Colorado parents are always concerned for their children’s well-being. In families where divorce takes place, a concerned parent will want to make sure that he or she resolves child custody issues in a manner that is the least disruptive to his or her kids. There are various types of custody, and it’s important to gain a basic understanding of each kind before going to court.
Parents may execute their own child custody agreement
In some cases, parents are able to work together to write out terms of a custody agreement. They then seek the court’s approval. In cases where parents disagree about custody issues, however, the court’s intervention can be sought to make decisions on their behalf.
The following list includes the basic types of custody that may or may not apply in a particular divorce case:
- Physical custody
- Legal custody
- Shared custody
- Sole custody
One of the top priorities concerning child-related issues in a divorce is where the children in question are going to live. This is what the law refers to as “physical custody.” Legal custody, on the other hand, refers to which parent (often it’s both of them) has the authority to make decisions on behalf of a child, such as issues concerning health, faith, education or other life events.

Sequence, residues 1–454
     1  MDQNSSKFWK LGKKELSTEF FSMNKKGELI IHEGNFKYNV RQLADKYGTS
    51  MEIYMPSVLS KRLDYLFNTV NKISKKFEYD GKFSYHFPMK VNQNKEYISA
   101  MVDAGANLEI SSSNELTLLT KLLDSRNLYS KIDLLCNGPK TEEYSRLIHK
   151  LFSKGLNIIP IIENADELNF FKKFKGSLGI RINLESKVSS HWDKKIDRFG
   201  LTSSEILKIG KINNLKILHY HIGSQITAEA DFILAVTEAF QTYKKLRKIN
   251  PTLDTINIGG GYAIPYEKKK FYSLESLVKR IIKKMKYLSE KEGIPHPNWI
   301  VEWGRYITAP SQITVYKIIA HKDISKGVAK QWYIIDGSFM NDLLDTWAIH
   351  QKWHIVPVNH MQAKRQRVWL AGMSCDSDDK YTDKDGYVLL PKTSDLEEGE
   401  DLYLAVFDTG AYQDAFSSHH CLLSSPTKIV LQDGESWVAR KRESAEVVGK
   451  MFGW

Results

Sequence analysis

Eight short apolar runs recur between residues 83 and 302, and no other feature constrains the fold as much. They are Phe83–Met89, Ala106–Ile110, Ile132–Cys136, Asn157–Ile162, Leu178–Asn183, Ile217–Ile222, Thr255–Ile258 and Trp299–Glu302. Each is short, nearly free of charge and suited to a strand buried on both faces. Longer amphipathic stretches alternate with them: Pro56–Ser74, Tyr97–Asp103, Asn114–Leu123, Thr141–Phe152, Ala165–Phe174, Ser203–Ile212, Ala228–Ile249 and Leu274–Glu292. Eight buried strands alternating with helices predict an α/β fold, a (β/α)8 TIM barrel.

Determining whether shared or sole custody is best
If there are no extenuating circumstances, such as one parent accusing the other of being abusive or having a substance abuse problem, it is likely that the court would find it best to order shared legal custody. In such cases, children typically spend ample time living with both parents, alternating between households.
If, however, a parent shows evidence that his or her ex is a detriment to the children’s well-being, the court may grant sole custody to the parent who filed the petition. Since there have been cases where one parent has lied about the other, the court always carefully considers allegations before handing down a ruling. Any Colorado parent with questions about child custody may reach out for support by requesting a meeting with an experienced family law attorney.